The Research

Quality/Quantity of Verbal Interactions

“If increased opportunities for verbal interaction can strengthen critical processing skills that enable more efficient learning, then interventions aimed at increasing parents’ verbal engagement with their infants have the potential to change the course of vocabulary growth and, in turn, to improve later outcomes for disadvantaged children.” Talking to children matters: Early language experience strengthens processing and builds vocabulary.

https://www.ncbi.nlm.nih.gov/pmc/articles/PMC5510534/

“Further, neuroimaging revealed a neural mechanism by which language experience may influence brain development; namely, children who experienced more conversational turns exhibited greater activation in left inferior frontal regions (Broca’s area) during language processing, which explained nearly half the relationship between children’s language exposure and verbal abilities.”

(2018) https://www.ncbi.nlm.nih.gov/pubmed/29442613

Kindergarten Readiness

“By some measures, 5-year-old children of lower socioeconomic status score more than two years behind on standardized language development tests by the time they enter school.” 

3rd Grade Reading Comprehension

One in six children who are not reading proficiently in third grade do not graduate from high school on time, a rate four times greater than that for proficient readers. For children who were poor for at least a year and were not reading proficiently in third grade, the proportion of those who don’t finish school rose to 26 percent.  The rate was highest for poor black and Hispanic students, at 31 and 33 percent respectively. Even so the majority of students who fail to graduate are white.

Double Jeopardy, Annie E. Casey Foundation https://gradelevelreading.net/uncategorized/study-links-3rd-grade-reading-poverty-and-hs-graduation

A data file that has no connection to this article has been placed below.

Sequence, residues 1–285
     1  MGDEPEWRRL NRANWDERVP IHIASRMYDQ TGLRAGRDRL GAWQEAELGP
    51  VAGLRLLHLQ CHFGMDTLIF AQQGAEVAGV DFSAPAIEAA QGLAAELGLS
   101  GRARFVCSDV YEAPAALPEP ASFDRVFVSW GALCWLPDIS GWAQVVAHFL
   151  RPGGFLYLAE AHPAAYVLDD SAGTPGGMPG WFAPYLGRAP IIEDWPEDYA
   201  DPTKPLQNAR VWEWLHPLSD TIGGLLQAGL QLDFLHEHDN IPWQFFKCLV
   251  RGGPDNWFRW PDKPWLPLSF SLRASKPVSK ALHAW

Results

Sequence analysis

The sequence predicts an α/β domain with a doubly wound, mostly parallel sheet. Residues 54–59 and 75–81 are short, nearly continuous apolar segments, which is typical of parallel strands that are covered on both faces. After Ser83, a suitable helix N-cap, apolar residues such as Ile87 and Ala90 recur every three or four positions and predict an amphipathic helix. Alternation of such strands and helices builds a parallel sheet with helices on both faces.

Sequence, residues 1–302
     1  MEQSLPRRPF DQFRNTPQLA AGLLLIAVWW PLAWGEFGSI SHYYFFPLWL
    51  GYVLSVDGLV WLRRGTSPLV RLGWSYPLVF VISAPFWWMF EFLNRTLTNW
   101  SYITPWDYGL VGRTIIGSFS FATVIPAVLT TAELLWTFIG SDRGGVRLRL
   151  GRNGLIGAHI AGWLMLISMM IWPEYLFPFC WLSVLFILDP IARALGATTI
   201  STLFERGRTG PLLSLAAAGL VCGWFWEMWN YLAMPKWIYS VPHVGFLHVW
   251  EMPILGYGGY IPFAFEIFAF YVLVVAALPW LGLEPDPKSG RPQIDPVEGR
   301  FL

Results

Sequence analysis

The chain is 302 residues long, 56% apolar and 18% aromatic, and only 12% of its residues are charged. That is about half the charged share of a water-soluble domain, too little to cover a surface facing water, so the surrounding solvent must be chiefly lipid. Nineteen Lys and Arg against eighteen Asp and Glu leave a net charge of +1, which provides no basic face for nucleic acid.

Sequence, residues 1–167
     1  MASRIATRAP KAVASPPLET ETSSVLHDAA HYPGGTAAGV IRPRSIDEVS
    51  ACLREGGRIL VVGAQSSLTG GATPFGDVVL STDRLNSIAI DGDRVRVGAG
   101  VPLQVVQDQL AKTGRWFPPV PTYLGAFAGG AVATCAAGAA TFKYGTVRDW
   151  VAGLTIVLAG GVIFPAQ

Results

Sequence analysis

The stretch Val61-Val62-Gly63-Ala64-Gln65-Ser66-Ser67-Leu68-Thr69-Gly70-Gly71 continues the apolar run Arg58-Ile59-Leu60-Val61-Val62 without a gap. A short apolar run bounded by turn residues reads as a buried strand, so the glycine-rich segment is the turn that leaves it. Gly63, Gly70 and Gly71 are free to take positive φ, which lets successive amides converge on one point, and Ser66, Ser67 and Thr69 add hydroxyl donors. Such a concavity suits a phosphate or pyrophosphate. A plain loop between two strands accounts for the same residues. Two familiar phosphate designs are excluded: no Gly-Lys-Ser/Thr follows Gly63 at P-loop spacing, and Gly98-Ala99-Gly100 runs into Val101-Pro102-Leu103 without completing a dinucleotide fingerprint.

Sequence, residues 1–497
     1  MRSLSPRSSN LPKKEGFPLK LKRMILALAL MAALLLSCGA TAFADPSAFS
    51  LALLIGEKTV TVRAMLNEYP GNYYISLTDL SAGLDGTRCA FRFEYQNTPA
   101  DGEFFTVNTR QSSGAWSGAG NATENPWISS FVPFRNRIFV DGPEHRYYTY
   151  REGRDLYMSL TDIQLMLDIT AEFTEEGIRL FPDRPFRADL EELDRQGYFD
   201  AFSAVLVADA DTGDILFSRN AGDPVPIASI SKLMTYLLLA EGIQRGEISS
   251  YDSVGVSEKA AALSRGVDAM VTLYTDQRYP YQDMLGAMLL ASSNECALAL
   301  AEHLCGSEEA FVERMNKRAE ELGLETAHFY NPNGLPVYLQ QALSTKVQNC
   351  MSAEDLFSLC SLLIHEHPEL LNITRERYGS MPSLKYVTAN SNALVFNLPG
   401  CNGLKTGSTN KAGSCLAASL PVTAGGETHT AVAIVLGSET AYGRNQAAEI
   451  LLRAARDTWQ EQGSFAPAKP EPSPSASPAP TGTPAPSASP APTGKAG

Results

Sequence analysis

“Research in Social Stratification and Mobility (2010) also found that “children growing up in homes with many books get three years more schooling than children from bookless homes, independent of their parents’ education, occupation, and class.”

High School Graduation

“Children who were reading for pleasure at the ages of 5 and 10 were more likely to go on and score better on average on school tests later in their lives. And not just test of reading, but tests of spelling and maths as well.”

https://www.ted.com/talks/helen_pearson_lessons_from_the_longest_study_on_human_development/footnotes#t-619077

“Anatomical and physiological development from infancy into young adulthood reflects a complex cascade of cyclical progressive (additive) and regressive (subtractive) types of changes. However, the preschool years can be thought of as a developmental period generally dominated by dynamic and robust progressive processes, with an emphasis on growth, expansion, “construction”, and “blossoming” that will later be pruned and tuned with continued maturation and experience.” (2013)

https://www.ncbi.nlm.nih.gov/pmc/articles/PMC3511633/ 

Adult Success

“In 2003, a higher percentage of parents with Intermediate or Proficient prose literacy than parents with Basic or Below Basic prose literacy read to their young children 5 or more days per week.A higher percentage of parents with Intermediate or Proficient prose literacy than parents with lower levels of literacy had children between the ages of 3 and 5 who knew the alphabet. A higher percentage of parents with Intermediate or Proficient prose literacy than parents with Basic or Below Basic prose literacy talked to their school-age children every day about things they studied in school.The percentage of parents who never helped their children with homework or worked on homework with their children declined with each higher prose literacy level.” (2003) https://nces.ed.gov/Pubs2007/2007480_1.pdf

Entering school ready to learn can improve one’s chances of reaching middle class status by age 40 by about 8 percentage points, according to a recent analysis that uses linked data sets to track success from birth to age 40 (Winship, Sawhill and Gold, 2011). https://www.brookings.edu/wp-content/uploads/2016/06/0319_school_disadvantage_isaacs.pdf